a. On a typical day in Kamloops, how many Ripped Pig sandwiches must be sold in order to break even? b. Comment on Cat and Joes breakeven point (calculated in Part a). Should this number be relevant to the entrepreneurs? c. If Cat and Joe wish to make a $100,000 profit for the year (after tax), how many pulled pork
a. On a typical day in Kamloops, how many “Ripped Pig “sandwiches must be sold in order to break even?
b. Comment on Cat and Joe’s breakeven point (calculated in Part a). Should this number be relevant to the entrepreneurs?
c. If Cat and Joe wish to make a $100,000 profit for the year (after tax), how many pulled pork sandwiches must the Pig Rig sell each day? Assume all days are in Kamloops at regular prices
Cat and Joe came from the neighboring towns of Smithers and Houston in northern British Columbia. They knew each other growing up but never connected beyond the level of acquaintances. Cat recalled their relationship as teens: “I was interested in Joe, and Joe was interested in hockey.” The two lost touch, married other people, and started their own families. Cat had one daughter and two sons, while Joe had two sons of his own.
Cat went to school for nursing and referred to her career as that of a “gypsy nurse” working for a wide variety of organizations. Her most recent jobs included a role at a pregnancy outreach center and an instructional post in the nursing program at the local university in Kamloops. Joe’s career had been more stable. After a short time as a cook in a restaurant, he found a permanent career behind the wheel of a logging truck, first in northern British Columbia then moving to the city of Merritt, 100 kilometers south of Kamloops.
Cat and Joe’s marriages dissolved. Eventually, the newly single acquaintances reconnected on Facebook when the social media site suggested that they might know each other. The two began dating, and on one of their earliest dates, Joe cooked for Cat. On that night, Joe’s pulled pork sandwich proved to be his way into Cat’s heart. She was surprised to learn that one of Joe’s hobbies was smoking meat. After high school, as soon as Joe could afford a smoker, he bought one, and in the two decades since, he had become an expert in the art of smoking and slow-cooking beef and pork. He also enjoyed making his own rubs and sauces.
As their relationship became more serious, Joe moved from Merritt to Kamloops to live with Cat. Joe’s workplace was still based an hour away in Merritt, leaving him little time for family after the commute and his long days driving the logging truck. Neither Joe nor Cat was happy with this arrangement, with Joe spending a lot more time on the road than at home. Something had to give, so Joe began to look for new opportunities closer to Kamloops.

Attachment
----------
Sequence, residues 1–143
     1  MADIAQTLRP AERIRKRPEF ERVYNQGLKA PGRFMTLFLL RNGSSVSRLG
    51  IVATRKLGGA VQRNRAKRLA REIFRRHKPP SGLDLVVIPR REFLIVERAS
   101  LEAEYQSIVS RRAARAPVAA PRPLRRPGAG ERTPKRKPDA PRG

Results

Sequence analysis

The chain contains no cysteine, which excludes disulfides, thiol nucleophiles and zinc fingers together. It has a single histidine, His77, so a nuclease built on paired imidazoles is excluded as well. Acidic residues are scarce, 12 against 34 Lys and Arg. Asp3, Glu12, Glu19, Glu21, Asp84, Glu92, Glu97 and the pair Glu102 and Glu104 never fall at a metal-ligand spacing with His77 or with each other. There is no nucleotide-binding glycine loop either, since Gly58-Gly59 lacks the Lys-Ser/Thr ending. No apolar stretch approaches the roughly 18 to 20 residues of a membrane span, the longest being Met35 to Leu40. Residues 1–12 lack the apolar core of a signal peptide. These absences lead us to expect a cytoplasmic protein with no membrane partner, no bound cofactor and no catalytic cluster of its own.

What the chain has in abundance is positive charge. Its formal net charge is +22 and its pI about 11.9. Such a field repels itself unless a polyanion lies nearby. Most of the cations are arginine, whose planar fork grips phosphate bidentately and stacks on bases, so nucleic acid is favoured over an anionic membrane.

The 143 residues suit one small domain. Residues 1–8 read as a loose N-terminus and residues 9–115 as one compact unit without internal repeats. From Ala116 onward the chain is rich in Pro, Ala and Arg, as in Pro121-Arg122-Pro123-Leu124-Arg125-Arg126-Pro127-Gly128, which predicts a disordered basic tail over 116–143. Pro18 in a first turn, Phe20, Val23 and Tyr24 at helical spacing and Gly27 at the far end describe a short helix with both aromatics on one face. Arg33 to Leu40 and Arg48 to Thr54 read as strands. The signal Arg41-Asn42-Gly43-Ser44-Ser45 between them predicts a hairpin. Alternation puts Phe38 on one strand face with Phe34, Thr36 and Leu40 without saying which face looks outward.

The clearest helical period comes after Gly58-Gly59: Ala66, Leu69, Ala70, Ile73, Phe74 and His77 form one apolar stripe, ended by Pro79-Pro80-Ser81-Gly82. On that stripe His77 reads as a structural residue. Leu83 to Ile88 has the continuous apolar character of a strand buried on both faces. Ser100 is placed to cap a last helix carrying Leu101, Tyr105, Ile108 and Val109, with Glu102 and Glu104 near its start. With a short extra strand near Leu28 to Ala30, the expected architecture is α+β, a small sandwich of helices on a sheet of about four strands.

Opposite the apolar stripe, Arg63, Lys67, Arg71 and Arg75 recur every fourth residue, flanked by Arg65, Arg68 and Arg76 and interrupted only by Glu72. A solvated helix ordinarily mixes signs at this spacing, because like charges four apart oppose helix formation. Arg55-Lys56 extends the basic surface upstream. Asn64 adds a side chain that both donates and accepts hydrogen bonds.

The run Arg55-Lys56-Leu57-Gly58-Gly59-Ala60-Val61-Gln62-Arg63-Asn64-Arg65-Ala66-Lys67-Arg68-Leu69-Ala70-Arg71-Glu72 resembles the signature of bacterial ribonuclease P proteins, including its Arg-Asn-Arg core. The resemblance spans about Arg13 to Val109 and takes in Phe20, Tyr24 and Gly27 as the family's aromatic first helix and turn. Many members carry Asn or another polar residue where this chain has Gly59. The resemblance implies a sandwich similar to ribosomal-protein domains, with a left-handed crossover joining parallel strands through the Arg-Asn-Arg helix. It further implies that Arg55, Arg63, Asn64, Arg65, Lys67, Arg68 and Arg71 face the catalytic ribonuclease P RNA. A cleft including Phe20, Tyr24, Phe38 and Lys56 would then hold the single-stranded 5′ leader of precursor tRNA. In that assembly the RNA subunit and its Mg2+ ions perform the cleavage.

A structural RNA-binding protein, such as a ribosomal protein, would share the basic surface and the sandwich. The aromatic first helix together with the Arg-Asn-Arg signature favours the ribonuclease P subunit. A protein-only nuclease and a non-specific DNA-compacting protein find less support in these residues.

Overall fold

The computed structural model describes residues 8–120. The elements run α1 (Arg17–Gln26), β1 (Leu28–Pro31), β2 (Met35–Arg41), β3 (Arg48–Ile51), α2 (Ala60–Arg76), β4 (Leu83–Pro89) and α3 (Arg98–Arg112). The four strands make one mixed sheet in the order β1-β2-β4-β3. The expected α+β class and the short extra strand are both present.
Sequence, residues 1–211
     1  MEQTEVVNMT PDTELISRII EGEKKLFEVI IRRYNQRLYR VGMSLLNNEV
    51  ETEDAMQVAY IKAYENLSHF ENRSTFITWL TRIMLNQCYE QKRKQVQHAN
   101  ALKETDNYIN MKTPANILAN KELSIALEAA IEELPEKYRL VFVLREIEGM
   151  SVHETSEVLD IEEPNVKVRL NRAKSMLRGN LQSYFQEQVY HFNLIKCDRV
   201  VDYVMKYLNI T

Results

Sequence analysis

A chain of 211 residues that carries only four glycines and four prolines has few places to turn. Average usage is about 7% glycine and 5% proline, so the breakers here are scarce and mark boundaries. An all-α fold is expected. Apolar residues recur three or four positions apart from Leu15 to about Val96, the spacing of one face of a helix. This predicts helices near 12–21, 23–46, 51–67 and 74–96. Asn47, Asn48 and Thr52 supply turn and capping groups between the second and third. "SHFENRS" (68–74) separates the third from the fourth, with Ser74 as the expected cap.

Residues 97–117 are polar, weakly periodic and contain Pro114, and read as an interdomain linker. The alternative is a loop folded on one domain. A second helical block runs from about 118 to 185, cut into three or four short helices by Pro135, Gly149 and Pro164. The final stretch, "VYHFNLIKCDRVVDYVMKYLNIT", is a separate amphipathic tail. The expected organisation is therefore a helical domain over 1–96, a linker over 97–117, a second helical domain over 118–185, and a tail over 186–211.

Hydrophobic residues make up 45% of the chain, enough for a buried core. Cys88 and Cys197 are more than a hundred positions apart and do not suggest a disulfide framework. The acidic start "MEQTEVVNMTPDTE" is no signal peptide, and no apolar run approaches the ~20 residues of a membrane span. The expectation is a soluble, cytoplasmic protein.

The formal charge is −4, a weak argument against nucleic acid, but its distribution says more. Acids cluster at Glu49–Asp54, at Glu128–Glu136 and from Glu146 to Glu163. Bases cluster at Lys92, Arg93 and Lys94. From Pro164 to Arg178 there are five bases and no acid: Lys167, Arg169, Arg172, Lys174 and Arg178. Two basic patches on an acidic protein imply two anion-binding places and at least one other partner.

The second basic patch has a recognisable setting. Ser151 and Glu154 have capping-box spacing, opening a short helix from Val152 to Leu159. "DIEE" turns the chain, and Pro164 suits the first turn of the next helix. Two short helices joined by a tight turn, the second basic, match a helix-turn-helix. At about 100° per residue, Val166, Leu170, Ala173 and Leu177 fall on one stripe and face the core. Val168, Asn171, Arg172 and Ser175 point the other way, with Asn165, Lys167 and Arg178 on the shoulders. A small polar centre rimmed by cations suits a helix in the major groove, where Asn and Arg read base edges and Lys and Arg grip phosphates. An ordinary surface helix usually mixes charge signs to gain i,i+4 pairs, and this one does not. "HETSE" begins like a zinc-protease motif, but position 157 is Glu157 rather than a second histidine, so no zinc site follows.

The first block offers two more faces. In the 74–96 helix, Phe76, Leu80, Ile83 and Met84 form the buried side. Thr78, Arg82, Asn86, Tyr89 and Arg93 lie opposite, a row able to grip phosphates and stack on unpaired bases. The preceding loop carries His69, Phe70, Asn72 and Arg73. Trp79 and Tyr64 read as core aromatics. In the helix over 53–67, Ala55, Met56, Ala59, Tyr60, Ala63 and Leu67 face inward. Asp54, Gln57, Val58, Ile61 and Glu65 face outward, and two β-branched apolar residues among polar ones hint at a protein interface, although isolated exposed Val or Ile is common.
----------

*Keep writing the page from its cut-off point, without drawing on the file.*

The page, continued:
It was at a potluck dinner that Cat and Joe got the inspiration for their business. Joe brought a dish from his smoker, and it was a hit. Two of their friends who attended the party, Cye Delaney and Denise Leigh, were owner operators of a popular local tattoo parlor. These experienced entrepreneurs suggested that Joe’s pork was so good that he and Cat had a legitimate business opportunity. They agreed to give Cat and Joe advice if needed and put the couple in touch with an angel investor.
When it came time to meet the potential investor, both Cat and Joe were nervous. They wanted the opportunity badly, but it was one thing to impress friends at a potluck and another thing entirely to impress a stranger—and to impress him so much that he would be willing to invest tens of thousands of dollars in a business concept proposed by two inexperienced entrepreneurs. Joe and Cat brought the possible investor a sample of the items they planned to include on the menu, and perhaps more importantly, they also brought a conservative, but thorough, business plan. The angel investor was so excited by the food and the business plan that he wrote them a check on the spot. With that meeting, Cat & Joe’s Pig Rig was born
Principles of Accounting
Authors: Belverd E. Needles, Marian Powers and Susan V. Crosson